I Hate Cheesy-Romance Films. I Don’t Hate 10 Things I Hate About You.

10 Things I Hate About You is the best thing to come out of the 90’s.

I’m biased. I fully admit it.

I don’t like cheesy rom-coms because they bore me. But Ten Things I Hate About You isn’t like other rom-coms and you can pry it off my laptop hard drive from under my cold dead body. I’m making the assumption that you’ve watched this movie – but if you haven’t, do yourself a favour and see it. No one can argue with its engrossing story, excellent soundtrack, great cast, and the dynamite duo of 90’s Heath Ledger and Julia Stiles.

Ledger wears shiny pants, Stiles gets covered in paint and laughs about it – my uselessly bisexual self can’t handle it. I watched this movie so many times that my plan for an ideal date still revolves around the idea of spontaneous paintball that ends with us rolling around in the hay kissing. Don’t ask me how you can plan ‘spontaneous’ paintball, I’ve never worked that out.

When Valentine’s Day rolls around, with its inevitable emphasis on watching romantic films with your significant other, I always get to thinking about what a ‘romantic’ film actually is for me – beyond, of course, the self-insertion wish-fulfilment appeal of watching attractive people fall in love on a screen.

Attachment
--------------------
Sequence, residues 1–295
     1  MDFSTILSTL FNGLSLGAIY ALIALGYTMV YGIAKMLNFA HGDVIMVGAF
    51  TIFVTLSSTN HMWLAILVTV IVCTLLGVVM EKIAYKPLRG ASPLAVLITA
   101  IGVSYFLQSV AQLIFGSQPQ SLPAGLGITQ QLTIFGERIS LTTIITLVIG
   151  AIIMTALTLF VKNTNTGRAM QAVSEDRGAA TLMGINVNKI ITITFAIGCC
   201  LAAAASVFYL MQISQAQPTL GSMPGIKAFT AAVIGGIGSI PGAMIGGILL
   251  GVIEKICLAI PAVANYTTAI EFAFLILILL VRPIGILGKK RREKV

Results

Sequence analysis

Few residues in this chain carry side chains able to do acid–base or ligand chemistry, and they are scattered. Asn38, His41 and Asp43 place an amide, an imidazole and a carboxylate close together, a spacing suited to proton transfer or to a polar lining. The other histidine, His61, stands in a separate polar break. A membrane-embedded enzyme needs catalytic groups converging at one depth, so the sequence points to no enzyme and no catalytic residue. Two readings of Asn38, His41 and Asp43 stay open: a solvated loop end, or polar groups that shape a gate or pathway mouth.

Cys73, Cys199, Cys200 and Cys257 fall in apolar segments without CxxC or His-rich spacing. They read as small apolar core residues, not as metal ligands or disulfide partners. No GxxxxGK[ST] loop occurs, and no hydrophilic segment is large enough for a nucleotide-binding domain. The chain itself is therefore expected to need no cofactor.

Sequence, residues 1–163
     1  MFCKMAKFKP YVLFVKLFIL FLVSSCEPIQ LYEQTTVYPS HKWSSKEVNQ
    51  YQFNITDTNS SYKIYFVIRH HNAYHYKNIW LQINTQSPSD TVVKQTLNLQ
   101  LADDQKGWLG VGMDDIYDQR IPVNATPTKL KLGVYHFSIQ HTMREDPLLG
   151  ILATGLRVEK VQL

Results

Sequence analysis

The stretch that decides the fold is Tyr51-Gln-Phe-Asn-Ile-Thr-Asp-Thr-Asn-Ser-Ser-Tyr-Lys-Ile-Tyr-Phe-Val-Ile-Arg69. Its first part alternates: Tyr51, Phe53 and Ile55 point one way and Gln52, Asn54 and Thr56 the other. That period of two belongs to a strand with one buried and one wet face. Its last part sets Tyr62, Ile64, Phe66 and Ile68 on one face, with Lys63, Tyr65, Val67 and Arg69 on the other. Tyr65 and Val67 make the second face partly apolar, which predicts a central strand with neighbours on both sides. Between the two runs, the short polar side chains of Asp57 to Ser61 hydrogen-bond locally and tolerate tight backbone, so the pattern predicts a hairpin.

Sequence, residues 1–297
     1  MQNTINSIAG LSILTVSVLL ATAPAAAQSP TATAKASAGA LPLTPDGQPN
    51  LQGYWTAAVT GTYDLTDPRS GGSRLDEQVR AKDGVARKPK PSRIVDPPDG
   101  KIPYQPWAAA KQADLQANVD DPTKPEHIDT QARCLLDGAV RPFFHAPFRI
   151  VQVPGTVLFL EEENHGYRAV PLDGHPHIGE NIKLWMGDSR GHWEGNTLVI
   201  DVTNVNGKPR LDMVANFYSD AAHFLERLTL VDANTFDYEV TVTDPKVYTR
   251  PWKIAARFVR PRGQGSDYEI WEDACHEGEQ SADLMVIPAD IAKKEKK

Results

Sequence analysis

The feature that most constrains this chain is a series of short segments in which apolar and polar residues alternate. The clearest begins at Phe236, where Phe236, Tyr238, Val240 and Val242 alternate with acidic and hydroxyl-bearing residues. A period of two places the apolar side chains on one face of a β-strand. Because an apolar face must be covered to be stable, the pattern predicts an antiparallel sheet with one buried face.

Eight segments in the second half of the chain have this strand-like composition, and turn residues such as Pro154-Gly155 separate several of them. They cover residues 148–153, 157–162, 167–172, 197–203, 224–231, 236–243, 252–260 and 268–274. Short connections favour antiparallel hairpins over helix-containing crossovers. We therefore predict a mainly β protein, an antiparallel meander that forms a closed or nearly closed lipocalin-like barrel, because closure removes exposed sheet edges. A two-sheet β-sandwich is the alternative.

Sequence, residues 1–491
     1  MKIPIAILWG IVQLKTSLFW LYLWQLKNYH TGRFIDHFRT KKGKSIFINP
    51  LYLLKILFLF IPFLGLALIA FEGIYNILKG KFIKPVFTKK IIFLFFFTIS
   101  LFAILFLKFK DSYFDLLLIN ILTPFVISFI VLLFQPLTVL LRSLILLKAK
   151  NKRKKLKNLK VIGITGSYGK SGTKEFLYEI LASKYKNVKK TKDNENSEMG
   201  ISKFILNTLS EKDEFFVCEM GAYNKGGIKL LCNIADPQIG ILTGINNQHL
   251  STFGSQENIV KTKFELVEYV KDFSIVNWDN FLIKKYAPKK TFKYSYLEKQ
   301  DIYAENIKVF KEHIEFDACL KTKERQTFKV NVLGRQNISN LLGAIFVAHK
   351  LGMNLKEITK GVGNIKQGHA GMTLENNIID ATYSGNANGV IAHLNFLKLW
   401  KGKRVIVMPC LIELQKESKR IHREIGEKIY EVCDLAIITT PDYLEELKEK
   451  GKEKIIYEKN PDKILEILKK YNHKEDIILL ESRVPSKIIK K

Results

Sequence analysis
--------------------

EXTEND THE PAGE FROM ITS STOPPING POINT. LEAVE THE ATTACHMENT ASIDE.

I think what draws me to the paintball scene is not the actual paintball or the kissing, but rather what the paintball and the kissing represent. It’s a moment between two people who let themselves be vulnerable idiots for and with each other. Throughout the film, we see Kat and Patrick fall for each other, making themselves vulnerable and finding that they’re accepted and understood by one-another.

It’s impossible to go on without mentioning the scene where Patrick hijacks the announcement system to perform ‘Can’t Take My Eyes Off of You’ for Kat on the bleachers, complete with band accompaniment and dorky-fun dance moves. It’s a funny, cheesy, dumb-ass act and by no means is it a moment of swooning violins. But it works as a romantic gesture because of the vulnerability implicit in this act of ‘sacrificing himself on the altar of dignity’. There’s something real sexy about someone making a fool of themselves to make you laugh; making themselves vulnerable for you and hoping that you embrace and accept this part of them. There’s also something real sexy about Ledger’s singing, but that’s a given.